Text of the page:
"Mm," he said, and "ah", and "ha". Finally he looked up. "Theatre reviews?" he said. "We already have a theatre reviewer." "If they ever go on holiday ..." I mumbled. He got up, scraping back his wooden chair. "Erm, sorry." He extended his hand and I was half out the door when he added thoughtfully, "We haven't got anyone to review gigs, though." I revolved. "Gigs? I could do that." "Really?" "Sure." "Well ..." he said, "It's a page every week. Arrange your own tickets. Expenses - sometimes. Copy in a week on Friday."
Music, I thought to myself, as I tripped down the stairs. Well, why not? Everyone knows about music. At boarding school, we listened to Radio 1 like third-world prisoners checking out the World Service. In my first term at university our sedate girls' house had a party. We were all thumping along to Madness and Bryan Ferry when a contingent of lads appeared. One of them went straight to the stereo, removed our tape, chucked it aside and inserted one of his own, swivelling up the volume with one finger as though dialling 999. NER-NER-NER-NER-NER! Myooooom dahdahdahdah! it went. "What - is - that?" I said in awe, against the rising cries of "Oh really," "Bloody nerve". and "Who's he?". "It's Killing Joke," he snarled. Just as this new planet swam into my ken, however, the stunning racket abruptly ceased, Bryan crooned anew about "Angel Eyes", and the stranger's tape was coolly returned. "Here," he said. "You can borrow it if you like."
Two years after this Damascene conversion to all things indie my knowledge of music remained fitful and untheoretical. I was the only person in town who missed out on the new incarnation of Joy Division. "New Order - if you don't know who they are, don't bother to come" read the flyer. Cheeky upstarts. I didn't bother. My earliest gig notes featured comments like: "One on left - floppy fringe - not many strings on his guitar - bassist?? CHECK." I wrote that a Bradford band hailed from Manchester. I misrendered lyrics. I reviewed the audience, the bouncers and the queue at the door. Still LOP did not lose confidence. The only comment ever made about my copy was: "Could we have a bit more next week?" The typesetters frequently inserted spelling errors, but apart from that nothing was ever changed. My prose was more sacrosanct than Iris Murdoch's. Give over an entire page to bitter denunciation of a club for refusing to let me in free? Fine. A review in the form of a Platonic dialogue? OK, but can we have a bit more, please?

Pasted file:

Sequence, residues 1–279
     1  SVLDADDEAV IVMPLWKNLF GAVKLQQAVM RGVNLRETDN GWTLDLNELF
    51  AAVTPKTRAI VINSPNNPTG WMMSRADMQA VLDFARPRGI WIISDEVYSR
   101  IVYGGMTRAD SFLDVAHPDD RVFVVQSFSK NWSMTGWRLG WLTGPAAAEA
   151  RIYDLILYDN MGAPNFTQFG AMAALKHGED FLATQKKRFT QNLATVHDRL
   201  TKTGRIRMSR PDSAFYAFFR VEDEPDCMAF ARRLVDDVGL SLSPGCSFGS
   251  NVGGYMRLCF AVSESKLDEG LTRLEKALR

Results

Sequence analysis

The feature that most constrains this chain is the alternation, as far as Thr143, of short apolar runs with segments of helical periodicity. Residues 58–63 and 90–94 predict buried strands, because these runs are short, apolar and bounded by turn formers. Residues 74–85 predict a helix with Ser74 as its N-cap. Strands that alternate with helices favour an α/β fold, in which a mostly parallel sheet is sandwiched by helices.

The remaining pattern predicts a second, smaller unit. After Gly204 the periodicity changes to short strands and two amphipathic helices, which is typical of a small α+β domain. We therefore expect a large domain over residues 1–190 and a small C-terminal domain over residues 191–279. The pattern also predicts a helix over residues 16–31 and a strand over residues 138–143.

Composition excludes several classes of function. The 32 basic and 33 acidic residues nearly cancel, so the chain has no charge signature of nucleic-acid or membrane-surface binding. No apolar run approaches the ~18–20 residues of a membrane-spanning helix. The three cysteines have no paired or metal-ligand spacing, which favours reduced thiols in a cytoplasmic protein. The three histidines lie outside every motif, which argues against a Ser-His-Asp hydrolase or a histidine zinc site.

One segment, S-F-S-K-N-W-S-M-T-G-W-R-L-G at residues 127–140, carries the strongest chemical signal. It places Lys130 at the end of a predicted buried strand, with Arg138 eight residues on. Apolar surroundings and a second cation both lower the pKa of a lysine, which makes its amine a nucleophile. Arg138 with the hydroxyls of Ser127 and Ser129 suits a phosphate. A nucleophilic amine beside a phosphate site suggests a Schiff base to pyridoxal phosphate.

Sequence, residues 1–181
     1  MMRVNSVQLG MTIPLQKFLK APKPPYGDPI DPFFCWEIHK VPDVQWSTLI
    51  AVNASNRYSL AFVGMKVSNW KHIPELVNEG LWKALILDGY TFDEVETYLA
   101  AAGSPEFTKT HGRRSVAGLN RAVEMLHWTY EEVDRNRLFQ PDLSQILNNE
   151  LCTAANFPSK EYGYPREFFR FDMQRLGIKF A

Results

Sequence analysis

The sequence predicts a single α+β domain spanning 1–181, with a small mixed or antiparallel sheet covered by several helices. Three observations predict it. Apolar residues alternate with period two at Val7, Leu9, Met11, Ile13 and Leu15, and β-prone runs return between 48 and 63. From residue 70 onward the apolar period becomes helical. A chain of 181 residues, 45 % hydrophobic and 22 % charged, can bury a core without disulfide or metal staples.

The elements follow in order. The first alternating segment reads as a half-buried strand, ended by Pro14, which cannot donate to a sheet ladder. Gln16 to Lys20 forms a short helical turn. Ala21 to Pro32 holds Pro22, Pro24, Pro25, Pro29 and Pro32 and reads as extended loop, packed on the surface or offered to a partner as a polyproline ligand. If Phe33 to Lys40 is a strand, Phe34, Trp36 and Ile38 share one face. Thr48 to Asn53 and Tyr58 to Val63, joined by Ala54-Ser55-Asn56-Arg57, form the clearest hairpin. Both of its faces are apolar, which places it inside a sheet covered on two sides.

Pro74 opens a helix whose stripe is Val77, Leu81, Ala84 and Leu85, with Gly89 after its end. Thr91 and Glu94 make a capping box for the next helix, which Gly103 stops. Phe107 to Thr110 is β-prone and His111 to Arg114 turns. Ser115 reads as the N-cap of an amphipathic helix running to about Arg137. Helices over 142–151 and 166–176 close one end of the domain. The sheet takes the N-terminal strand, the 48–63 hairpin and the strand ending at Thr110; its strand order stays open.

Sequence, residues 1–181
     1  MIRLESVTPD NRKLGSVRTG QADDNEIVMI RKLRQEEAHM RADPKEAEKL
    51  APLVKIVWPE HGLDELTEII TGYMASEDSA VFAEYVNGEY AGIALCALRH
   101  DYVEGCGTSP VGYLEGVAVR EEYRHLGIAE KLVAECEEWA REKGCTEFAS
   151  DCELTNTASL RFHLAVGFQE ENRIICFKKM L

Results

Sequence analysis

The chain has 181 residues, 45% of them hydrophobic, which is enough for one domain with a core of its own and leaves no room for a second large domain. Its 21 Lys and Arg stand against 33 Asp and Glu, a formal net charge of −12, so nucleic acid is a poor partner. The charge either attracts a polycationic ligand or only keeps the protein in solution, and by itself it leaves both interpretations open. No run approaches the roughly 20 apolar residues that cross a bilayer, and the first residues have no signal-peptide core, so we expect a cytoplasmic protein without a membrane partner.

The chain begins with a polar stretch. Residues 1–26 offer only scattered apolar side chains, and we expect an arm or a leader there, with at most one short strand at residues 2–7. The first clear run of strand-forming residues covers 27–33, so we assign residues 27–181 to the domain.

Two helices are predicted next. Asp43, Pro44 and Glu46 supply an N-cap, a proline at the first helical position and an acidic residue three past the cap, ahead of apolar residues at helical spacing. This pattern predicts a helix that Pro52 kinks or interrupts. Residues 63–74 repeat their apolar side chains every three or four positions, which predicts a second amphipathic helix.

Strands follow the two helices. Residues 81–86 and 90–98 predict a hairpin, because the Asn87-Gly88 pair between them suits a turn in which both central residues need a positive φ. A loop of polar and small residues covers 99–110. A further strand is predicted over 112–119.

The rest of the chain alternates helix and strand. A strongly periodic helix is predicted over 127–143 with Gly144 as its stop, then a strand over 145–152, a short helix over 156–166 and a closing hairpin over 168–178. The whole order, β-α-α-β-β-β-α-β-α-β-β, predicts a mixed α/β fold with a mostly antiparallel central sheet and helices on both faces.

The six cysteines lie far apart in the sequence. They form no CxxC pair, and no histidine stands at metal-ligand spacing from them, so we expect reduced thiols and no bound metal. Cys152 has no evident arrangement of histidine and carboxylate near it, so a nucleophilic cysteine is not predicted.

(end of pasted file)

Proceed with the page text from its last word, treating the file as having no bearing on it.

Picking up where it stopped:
When all else failed I interviewed my friend John. He was in a band with Stuart the Cat Burglar, who spent most of the daylight hours prone and pretty with cold tea-bags on his eyes, and Cyrus, who ran away to Nevada to become an Orange Person. One day another friend, Teddy, approached me, waving a cassette. "You ought to listen to this," he said. "It's my flatmates, see, they're in this ba-" "Get outta here, Teddy," I bawled with the pompousness of one who had important musical agendas to set. "No, really, just give it a listen. They're amazing." I did. "Why are you wasting my time with this heavy metal crap, Teddy?" I said sternly. The band were the Sisters of Mercy. (This anecdote passed its sell-by date sometime in 1985, when "Tunnel of Love" was still in heavy rotation, along with "Blue Monday", in clubs all over the North.)
Some discoveries were proudly launched. I watched amazed, as a horde of fans piled out of their cross-Pennine coach with armfuls of gladioli, like Interflora coming to Dunsinane, and the lead singer bleated and wailed and flailed himself with the blooms and the floppy-fringed lead guitarist (see, I'd learnt something) looked on impassively. My rave review was headed in huge type: THE SIMTHS ARE COMING!
But I was learning all the time, particularly the precise moment at which to add, when blagging a free ticket, the words "Plus One". You had to ring up, order your tickets, spell your name four times, then hastily add "oh-and-plus-one-of-course" and put the phone down. When you arrived you had to say the paper's name three times and your own twice, present your "Press" card and endure several minutes of never-seen-her-before head-shaking from the proprietor and jovial cries of "Where can I press, love?" from the bouncers. This scene was enacted without deviation twice a week for over two years. The very last time I went down there I almost shed a nostalgic tear as we went through the same old ritual. "I won't be coming here any more," I said to one of the bouncers. "Yeah?" he said, gazing imperturbably over my head. All punters are grey at night.Reuse content